Probabilistic forecasting of drought class transitions in Sicily (Italy) using Standardized Precipitation Index and North Atlantic Oscillation Index

Probabilistic forecasting of drought class transitions in Sicily (Italy) using Standardized... 1 Introduction</h5> It is largely recognized that an effective mitigation of the most adverse drought impacts is possible by capitalizing on the usually significant delay between drought inception (i.e. meteorological drought) and the moment when its consequences are perceived by the water supply systems and the end-users (i.e. socio-economic impacts of drought). To this end, a drought monitoring and forecasting system, able to promptly warn against an incipient phenomenon and to follow its evolution in space and time, represents the prerequisite for a successful mitigation strategy ( Rossi, 2003 ).</P>Many statistical and non statistical techniques have been proposed to forecast droughts ( Bonaccorso et al., 2012 and references therein). Regardless of the specific methodology, a distinction can be made with reference to the objective of the forecast. On the one hand, the interest may lie in forecasting future values of the hydrometeorological variable or drought index under investigation. On the other hand, the objective may lie in determining transition probabilities from a given current drought class (expressed in terms of a drought severity variable or index) to another one in the future.</P>Several forecasting techniques have been proposed to assess the probable evolution of drought related hydrometeorological variables or http://www.deepdyve.com/assets/images/DeepDyve-Logo-lg.png Journal of Hydrology Elsevier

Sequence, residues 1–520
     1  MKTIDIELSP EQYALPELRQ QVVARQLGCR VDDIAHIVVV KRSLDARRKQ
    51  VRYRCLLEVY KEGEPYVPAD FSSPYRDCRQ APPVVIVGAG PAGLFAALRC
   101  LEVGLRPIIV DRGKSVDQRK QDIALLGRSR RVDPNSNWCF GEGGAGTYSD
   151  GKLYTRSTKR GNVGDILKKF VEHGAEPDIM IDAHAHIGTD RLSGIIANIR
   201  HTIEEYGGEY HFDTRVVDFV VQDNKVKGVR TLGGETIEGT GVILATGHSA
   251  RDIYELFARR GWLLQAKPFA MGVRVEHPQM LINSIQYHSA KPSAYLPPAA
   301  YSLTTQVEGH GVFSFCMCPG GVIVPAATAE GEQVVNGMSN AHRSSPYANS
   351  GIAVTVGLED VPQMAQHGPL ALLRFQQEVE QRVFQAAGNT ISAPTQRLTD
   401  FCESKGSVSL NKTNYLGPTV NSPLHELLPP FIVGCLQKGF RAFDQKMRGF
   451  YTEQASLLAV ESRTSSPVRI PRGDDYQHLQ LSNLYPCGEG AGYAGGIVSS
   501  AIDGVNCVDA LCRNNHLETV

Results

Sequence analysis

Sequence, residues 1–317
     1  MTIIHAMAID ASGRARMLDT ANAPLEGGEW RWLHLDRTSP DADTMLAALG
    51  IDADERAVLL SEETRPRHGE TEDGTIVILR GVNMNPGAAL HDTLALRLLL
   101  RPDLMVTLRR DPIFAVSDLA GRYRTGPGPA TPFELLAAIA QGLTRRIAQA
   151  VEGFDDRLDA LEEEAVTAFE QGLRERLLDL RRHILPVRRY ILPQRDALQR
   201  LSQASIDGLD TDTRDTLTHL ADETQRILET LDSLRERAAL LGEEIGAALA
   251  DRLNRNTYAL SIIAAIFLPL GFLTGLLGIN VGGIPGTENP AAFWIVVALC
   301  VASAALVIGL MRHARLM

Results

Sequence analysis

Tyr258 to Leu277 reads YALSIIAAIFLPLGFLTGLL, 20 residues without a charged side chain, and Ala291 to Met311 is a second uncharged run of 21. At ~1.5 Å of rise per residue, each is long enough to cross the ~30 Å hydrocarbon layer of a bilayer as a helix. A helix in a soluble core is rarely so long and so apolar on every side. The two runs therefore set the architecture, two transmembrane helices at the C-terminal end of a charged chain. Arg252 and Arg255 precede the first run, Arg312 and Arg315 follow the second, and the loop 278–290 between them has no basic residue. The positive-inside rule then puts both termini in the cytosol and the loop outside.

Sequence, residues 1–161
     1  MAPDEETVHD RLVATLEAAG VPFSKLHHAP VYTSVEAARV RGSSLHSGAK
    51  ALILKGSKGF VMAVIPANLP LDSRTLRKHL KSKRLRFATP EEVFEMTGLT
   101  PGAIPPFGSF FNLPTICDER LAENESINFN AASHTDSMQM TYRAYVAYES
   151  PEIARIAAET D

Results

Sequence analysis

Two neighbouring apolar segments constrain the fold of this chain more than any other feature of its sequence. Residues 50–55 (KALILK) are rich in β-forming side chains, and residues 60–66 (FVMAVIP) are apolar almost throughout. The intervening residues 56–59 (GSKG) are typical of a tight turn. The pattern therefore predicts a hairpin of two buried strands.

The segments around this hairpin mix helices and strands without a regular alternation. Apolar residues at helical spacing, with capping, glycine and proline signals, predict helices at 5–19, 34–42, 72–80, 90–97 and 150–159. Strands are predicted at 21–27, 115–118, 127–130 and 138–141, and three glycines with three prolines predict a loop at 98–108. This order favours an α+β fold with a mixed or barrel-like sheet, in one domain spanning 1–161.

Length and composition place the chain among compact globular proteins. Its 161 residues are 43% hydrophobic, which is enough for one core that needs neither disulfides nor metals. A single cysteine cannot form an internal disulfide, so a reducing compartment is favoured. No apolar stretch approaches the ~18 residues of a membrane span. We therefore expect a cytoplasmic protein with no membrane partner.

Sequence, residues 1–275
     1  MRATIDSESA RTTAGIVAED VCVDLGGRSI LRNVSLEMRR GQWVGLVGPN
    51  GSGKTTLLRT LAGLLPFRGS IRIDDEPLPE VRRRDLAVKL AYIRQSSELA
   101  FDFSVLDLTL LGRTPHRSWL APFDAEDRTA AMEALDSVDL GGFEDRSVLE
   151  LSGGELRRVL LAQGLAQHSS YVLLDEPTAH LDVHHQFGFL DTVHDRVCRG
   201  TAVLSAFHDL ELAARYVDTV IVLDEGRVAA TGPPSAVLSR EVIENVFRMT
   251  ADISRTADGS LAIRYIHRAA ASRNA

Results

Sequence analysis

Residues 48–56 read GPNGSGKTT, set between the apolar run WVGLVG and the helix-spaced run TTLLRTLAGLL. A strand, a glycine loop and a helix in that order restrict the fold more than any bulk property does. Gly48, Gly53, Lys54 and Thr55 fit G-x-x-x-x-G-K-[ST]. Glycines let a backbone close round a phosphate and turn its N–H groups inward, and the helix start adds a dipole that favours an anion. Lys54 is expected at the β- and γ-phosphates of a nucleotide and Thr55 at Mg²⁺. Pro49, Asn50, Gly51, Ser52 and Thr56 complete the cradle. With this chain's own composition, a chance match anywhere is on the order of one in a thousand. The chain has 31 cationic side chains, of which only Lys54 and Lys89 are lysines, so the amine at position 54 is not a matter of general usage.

Probabilistic forecasting of drought class transitions in Sicily (Italy) using Standardized Precipitation Index and North Atlantic Oscillation Index

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Publisher
Elsevier
Copyright
Copyright © 2015 Elsevier B.V.
ISSN
0022-1694
eISSN
1879-2707
D.O.I.
10.1016/j.jhydrol.2015.01.070
Publisher site
See Article on Publisher Site

Abstract

1 Introduction</h5> It is largely recognized that an effective mitigation of the most adverse drought impacts is possible by capitalizing on the usually significant delay between drought inception (i.e. meteorological drought) and the moment when its consequences are perceived by the water supply systems and the end-users (i.e. socio-economic impacts of drought). To this end, a drought monitoring and forecasting system, able to promptly warn against an incipient phenomenon and to follow its evolution in space and time, represents the prerequisite for a successful mitigation strategy ( Rossi, 2003 ).</P>Many statistical and non statistical techniques have been proposed to forecast droughts ( Bonaccorso et al., 2012 and references therein). Regardless of the specific methodology, a distinction can be made with reference to the objective of the forecast. On the one hand, the interest may lie in forecasting future values of the hydrometeorological variable or drought index under investigation. On the other hand, the objective may lie in determining transition probabilities from a given current drought class (expressed in terms of a drought severity variable or index) to another one in the future.</P>Several forecasting techniques have been proposed to assess the probable evolution of drought related hydrometeorological variables or

Journal

Journal of HydrologyElsevier

Published: Jul 1, 2015

References

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